Dad 1 [to Mom 1]: “Wine? Are you sure? It’s the RUG-BY match, you know.”
Dad 2 [to Mom 2]: “It’s not JUST a rugby match. No.”
One dad mentioned as loudly as is acceptable [whilst little people are trying to get their locks shorn whilst watching Tom and Jerry reruns] to his son’s hairdresser as she wrestled his offspring into the chair that he was off to “Twickers” that afternoon, which earned him some very interesting glances from the other dads.
As amazing as it would obviously be to have been on the side of the pitch, we’re waiting until the boys are old enough to appreciate where they are before we tote all three of them out to support their team. So, in our home, World Cup Rugby means World Cup Rugby parties.
They aren’t the tea parties I ever envisaged having with a little princess of my own, as my own mom did with me, but with three boys there are plenty of parties. Pirate, superhero and now rugby parties. And you can be just as creative.
With the Wales vs. England match on the horizon, I stocked up with the staples I like for any party – bunting, balloons, cake stands and a pretty tablecloth. So they weren’t floral this time, but they were still gorgeous – Rugby World Cup themed – with an astro turf tablecloth to complete the look.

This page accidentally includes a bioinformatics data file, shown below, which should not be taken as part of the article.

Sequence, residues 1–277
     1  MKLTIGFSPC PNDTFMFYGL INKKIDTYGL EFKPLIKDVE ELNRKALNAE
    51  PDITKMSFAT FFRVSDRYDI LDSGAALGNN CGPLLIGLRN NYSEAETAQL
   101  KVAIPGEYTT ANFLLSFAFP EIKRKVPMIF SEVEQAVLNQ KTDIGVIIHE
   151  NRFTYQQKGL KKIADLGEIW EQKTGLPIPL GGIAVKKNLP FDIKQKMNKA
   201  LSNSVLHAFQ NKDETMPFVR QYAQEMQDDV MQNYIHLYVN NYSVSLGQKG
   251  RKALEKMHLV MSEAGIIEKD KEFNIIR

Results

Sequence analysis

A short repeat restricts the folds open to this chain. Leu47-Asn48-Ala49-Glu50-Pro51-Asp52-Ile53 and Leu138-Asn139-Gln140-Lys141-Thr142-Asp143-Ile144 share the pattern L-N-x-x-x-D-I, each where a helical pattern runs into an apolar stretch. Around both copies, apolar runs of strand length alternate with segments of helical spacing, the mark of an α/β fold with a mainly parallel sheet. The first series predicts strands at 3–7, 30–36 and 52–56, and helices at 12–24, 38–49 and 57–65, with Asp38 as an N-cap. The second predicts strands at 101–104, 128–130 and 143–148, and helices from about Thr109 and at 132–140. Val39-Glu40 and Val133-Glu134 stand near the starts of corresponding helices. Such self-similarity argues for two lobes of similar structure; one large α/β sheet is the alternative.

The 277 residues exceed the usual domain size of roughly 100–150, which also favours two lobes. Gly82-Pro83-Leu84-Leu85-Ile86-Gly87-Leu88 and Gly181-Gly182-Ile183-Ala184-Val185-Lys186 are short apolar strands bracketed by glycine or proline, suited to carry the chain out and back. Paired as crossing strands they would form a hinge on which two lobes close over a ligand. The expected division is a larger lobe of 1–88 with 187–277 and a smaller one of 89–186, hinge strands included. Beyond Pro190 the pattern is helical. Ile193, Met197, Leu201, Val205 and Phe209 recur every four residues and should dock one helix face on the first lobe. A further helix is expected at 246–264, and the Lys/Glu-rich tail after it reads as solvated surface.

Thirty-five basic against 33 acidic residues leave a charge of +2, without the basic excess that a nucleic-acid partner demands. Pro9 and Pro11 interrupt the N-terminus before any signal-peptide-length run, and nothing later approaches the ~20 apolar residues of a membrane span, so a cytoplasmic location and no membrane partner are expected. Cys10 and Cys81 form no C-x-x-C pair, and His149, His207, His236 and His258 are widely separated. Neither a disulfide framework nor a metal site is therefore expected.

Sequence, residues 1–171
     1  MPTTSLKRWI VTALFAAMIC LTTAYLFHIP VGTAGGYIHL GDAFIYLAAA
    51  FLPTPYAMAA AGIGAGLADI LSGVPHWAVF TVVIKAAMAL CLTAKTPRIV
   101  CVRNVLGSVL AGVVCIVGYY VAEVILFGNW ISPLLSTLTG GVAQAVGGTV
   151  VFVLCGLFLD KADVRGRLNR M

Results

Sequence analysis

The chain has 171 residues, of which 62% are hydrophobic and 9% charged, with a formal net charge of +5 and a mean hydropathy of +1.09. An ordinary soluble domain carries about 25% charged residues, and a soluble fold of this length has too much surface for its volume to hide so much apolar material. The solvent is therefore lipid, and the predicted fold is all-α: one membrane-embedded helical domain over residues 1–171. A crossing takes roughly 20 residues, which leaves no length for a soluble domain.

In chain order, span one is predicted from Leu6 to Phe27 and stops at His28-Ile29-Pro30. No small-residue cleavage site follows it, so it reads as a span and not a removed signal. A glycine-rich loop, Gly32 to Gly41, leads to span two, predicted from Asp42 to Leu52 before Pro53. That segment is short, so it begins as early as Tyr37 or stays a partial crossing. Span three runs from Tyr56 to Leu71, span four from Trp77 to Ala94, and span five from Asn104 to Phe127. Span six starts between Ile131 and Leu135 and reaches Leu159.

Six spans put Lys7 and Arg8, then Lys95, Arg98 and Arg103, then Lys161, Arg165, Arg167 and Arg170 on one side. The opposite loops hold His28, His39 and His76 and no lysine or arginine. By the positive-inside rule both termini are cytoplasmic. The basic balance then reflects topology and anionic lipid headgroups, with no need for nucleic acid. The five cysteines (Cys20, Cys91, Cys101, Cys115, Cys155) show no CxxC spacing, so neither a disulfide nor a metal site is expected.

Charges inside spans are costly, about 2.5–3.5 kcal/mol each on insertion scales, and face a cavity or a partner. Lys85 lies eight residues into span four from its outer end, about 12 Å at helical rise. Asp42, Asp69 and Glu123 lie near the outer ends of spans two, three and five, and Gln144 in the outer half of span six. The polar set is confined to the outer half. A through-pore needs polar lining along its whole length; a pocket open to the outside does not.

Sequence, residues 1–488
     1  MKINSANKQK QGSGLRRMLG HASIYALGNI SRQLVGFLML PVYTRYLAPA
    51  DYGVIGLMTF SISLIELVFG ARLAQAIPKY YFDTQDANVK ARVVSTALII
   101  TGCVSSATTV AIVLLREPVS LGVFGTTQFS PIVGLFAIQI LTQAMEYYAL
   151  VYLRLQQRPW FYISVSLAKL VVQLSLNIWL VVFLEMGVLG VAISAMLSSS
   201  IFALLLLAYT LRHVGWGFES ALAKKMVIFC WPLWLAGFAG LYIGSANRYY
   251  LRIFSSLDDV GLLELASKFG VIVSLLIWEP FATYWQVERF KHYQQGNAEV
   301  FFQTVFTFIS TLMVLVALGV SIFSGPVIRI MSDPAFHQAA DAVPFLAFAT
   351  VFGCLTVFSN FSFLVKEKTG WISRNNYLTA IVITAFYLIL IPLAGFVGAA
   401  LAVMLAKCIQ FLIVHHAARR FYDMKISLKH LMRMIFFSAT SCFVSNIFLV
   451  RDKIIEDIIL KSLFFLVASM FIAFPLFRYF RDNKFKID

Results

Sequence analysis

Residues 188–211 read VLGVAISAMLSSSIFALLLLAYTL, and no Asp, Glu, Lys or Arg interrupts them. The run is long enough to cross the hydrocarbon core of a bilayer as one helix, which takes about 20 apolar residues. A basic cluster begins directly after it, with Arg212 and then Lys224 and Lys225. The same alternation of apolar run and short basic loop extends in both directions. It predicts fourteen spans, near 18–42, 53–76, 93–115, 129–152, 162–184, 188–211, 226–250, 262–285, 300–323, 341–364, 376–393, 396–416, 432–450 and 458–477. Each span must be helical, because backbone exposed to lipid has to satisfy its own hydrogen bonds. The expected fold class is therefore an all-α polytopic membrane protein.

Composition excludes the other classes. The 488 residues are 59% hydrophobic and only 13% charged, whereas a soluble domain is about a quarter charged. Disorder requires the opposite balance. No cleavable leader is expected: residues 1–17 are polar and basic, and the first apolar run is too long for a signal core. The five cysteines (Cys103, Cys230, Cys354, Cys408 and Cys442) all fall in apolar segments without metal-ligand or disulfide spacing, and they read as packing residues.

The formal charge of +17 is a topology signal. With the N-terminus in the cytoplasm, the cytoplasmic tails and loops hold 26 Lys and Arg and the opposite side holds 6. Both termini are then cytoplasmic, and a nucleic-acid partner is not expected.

We fired up the barbecue, heated up the range indoors and served up rugby match fare to our neighbours with little decorative food stands and mini goal posts creating a match atmosphere in our garden. Fish and chips, burgers and popcorn, strawberry skewers and half time oranges washed down with Coca-Cola Zero which is the boys’ new party drink of choice, as the cans are black like Batman apparently. We added some profiteroles as the “sin-bin” element of the feast.
The trampoline was filled with balloons laced with mini chocolate rugby balls for the boys and their friends to find, and a rugby lineout-styled version of piggy-in-the-middle broke out at some point with children flying everywhere.
When kickoff finally arrived in the evening and we were piled onto the sofa, the boys rolled around with their Wales and England flags as they attempted both national anthems. Jensen likes to try singing with a Welsh valleys accent which is surprisingly authentic!
It’s hard to gauge who was rooting for whom during the match on the evening – and it’s even more difficult to pick a team when you have so much love for both countries, and so we concentrated on just enjoying the play, calling out the referee – and me, I spent the time privately reminiscing rugby matches gone by, wishing I could turn back the clock and feel the adrenaline rush once more as the first kick of the match bought the game to life around me and lit a fire deep in my heart. For a girl who spent most of her awkward teenage years on the sidelines, finding rugby changed my life.